The 4 Pillars of Recovery

Contributed by Darren Reed of the Minnesota Department of Human Services. Read his previous blog post here.

Home. Health. Purpose. Community.

Four simple words should be simple to fulfill, right?! But, if it were so simple we would all have accomplished it. These four words are a great barometer for your recovery. Almost every new person in recovery who is struggling hasn’t fulfilled at least one of these pillars. Conversely, those with a healthy recovery nearly always have all four pillars fulfilled.


This is more than the physical place we live. This is a home that provides security, stability and is supportive to recovery. A person leaving treatment to live on someone’s couch does not have security or stability. A married person going to a secure and stable home, but has an unsupportive spouse, does not have a truly supportive home.

Having a safe, secure, stable and supportive home is often overlooked. In 2005, when I was in treatment, I was also in an awful marriage. My wife was emotionally and verbally abusive. She definitely wanted me sober, but she also wanted me to be eternally miserable for the damages I caused. As I was preparing to be discharged from treatment, my counselor said something that I will never forget. He said, “Darren, there is a good chance you will have to decide whether you want to stay sober or stay married”. I knew he could be right, but was hopeful I could do both. In the end I was wrong, and by trying to do both, I accomplished neither. My home was so miserable I couldn’t breathe and our marriage deteriorated. I resumed drinking, we separated and started the divorce process. Again, home, it is more than a physical place.


I neglected my health for years while I was in active addiction and struggled in early recovery with mental health issues. I suffer from depression and anxiety. I was treated with an anti-depressant for my depression and a benzodiazepine for my panic attacks. I didn’t realize it at the time, but I had been using benzodiazepines for years as crutch and it often led me back to alcohol. When I was first prescribed a benzodiazepine, I took it only as prescribed; for severe anxiety and/or panic attacks. However, as time went by even the slightest bit of anxiety warranted a pill and eventually if I eventually started taking them more than I should have.

I personally believe that benzodiazepines are very dangerous for a recovering alcoholic. I know anxiety is awful and panic attacks need to be controlled, but I do think there are other way to deal with it. For me, I learned through therapy to accept that I was not going to die during a panic attack, and although they were paralyzing at times, I knew it would pass. It didn’t happen overnight, but I gradually learned ways to survive these episodes without benzodiazepines .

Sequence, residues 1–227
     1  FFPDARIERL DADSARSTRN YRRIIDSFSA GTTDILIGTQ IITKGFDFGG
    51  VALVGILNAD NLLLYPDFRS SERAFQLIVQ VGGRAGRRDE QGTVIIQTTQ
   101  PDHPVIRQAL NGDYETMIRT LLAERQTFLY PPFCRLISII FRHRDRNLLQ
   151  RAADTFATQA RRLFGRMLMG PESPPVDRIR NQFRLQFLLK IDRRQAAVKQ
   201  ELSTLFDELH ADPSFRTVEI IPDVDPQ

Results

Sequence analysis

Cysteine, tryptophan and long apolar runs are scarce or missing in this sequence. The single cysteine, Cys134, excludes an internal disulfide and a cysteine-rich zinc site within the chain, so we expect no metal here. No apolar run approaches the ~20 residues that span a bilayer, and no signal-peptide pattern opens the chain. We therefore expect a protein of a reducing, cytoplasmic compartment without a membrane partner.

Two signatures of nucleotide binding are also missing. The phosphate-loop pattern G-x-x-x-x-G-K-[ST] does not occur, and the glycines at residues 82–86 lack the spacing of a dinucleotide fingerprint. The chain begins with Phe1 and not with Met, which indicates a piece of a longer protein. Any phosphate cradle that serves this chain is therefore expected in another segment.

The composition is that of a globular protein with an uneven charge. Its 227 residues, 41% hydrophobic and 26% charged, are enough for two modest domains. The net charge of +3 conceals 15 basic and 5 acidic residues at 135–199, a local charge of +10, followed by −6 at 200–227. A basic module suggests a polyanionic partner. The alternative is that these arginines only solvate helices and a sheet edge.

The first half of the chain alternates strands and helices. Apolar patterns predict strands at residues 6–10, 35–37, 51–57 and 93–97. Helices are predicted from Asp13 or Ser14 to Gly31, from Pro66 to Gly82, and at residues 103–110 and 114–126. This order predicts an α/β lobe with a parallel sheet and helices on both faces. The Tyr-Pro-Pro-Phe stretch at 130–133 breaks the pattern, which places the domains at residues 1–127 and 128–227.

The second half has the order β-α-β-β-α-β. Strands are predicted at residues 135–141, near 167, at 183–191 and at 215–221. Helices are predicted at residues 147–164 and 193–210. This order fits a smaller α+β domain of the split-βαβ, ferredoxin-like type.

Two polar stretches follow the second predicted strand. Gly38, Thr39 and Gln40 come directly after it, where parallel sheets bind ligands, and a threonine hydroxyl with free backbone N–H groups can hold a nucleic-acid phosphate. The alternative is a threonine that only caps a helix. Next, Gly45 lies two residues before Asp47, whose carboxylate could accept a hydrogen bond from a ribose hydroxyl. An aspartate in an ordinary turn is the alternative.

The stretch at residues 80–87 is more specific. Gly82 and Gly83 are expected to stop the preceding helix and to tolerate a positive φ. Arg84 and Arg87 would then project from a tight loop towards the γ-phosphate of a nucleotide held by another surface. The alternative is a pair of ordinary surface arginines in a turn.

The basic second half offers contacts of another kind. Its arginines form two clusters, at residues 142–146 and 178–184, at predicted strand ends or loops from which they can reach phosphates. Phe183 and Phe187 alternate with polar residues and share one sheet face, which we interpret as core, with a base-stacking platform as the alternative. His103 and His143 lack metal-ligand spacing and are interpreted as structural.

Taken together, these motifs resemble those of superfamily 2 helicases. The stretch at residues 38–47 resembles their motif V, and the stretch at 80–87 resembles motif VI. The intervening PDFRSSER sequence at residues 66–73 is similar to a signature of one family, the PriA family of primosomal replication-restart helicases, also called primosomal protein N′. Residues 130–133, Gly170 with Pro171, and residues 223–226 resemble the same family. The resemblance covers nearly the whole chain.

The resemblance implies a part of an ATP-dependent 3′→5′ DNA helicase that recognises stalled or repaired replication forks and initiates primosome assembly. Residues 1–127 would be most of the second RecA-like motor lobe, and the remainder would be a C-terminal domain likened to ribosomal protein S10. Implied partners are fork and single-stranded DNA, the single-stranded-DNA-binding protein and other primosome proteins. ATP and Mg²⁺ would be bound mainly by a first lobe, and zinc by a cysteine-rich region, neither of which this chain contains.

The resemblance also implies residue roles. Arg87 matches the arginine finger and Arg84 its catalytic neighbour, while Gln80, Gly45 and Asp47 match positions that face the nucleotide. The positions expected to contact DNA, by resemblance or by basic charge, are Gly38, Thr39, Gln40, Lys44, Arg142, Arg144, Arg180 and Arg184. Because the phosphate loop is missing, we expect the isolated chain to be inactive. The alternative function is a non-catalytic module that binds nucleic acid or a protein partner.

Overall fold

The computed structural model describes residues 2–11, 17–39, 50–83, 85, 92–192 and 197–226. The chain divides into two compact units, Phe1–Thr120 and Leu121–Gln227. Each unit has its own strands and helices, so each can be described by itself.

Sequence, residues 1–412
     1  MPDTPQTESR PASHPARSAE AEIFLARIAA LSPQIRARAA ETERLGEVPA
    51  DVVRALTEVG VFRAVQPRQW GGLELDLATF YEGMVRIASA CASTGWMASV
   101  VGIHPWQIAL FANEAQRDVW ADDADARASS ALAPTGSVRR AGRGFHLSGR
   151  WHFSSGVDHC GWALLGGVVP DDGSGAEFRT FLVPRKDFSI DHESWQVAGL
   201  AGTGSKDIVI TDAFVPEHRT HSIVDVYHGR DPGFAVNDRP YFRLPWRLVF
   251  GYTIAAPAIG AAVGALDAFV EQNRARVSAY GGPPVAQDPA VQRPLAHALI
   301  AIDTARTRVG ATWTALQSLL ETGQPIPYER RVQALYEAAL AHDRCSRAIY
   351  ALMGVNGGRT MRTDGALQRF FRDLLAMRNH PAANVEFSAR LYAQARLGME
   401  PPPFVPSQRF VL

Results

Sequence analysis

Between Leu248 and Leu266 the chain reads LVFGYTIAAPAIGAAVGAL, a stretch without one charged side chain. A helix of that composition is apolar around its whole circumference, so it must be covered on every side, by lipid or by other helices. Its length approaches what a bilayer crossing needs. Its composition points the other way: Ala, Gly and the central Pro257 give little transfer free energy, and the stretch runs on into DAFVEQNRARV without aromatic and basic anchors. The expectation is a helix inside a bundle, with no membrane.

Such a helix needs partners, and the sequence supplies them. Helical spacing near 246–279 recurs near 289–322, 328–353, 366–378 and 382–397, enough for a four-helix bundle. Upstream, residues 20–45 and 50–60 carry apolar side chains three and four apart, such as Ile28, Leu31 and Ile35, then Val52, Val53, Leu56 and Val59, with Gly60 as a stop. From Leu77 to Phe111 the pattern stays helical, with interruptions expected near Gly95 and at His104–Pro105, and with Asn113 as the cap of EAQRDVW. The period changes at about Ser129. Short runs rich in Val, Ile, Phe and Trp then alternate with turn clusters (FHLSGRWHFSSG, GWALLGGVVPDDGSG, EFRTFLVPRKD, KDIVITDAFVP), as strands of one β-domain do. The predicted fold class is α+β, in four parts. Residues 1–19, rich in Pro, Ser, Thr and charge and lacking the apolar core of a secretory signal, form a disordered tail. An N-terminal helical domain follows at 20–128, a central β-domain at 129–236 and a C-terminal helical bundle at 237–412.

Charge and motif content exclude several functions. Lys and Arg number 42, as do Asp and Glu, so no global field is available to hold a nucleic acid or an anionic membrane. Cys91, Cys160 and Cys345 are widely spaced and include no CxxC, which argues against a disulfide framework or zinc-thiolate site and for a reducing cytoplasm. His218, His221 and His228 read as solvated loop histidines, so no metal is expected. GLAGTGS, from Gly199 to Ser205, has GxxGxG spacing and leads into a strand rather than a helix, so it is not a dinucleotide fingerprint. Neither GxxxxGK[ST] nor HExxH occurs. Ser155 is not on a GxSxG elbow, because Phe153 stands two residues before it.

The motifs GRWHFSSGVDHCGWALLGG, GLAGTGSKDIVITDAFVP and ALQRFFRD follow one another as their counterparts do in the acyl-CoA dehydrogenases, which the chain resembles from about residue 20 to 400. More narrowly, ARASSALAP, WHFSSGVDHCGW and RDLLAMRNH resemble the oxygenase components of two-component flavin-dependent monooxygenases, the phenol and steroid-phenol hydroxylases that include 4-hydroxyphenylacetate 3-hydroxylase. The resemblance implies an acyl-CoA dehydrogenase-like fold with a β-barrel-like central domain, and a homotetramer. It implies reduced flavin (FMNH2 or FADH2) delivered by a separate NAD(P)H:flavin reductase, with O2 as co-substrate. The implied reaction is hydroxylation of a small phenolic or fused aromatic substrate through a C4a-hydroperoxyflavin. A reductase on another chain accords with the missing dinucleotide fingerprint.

Today my physical, mental and emotional health is the best it has ever been. You don’t have to be in perfect health, but you are making progress as long as you are making healthy choices that support your wellbeing.


We all need purpose. I have purpose in my life now, but in active addiction my purpose was to get alcohol and consume it without getting caught. Without purpose, life gets boring really quick. So what is purpose? Purpose is having meaningful, enjoyable activities in life. Examples could be a satisfying job, school, volunteering, or hobbies.

One of the most common complaints I hear from people in early recovery is that it is boring. This is a really common and quite normal feeling. Often when people are in active addiction, all of our “fun” activities revolve around our use. In early recovery, we avoid those situations and activities because we know what it will lead to or we fear the activities will no longer be fun. During my early recovery, I quickly realized that recovery was not boring; I was! The truth was that I expected to get excitement by doing nothing. I had to get out and find purpose, find things I enjoy. For me, the first thing I found was running. I was very good at it, it was enjoyable and it was healthy. I also got back into volunteering and coaching youth sports. Before I realized it, I was working in a career that I loved and had so many hobbies and interests that I don’t have time to even know what boredom could mean.


Who is your community? Do you have one? When in active use, my community was who ever would listen to me at the bar. When I first tried and struggled to stay sober, I had no community. I didn’t go to support meetings and I didn’t have anyone to connect with. I was alone and spiritually bankrupt. For me, community is more than going to meetings; it is the fellowship that develops from the people at the meetings.

My community is now diverse. I have my recovery community, my fitness community, my sports coaching community and my local school/parent community. I know that I always have networks that offer me the support and friendship I need to thrive in recovery.

Building these four pillars for lasting recovery doesn’t happen overnight. But, if you keep improving your health and wellness, live a self-directed life, and strive to reach your full potential, you will get there.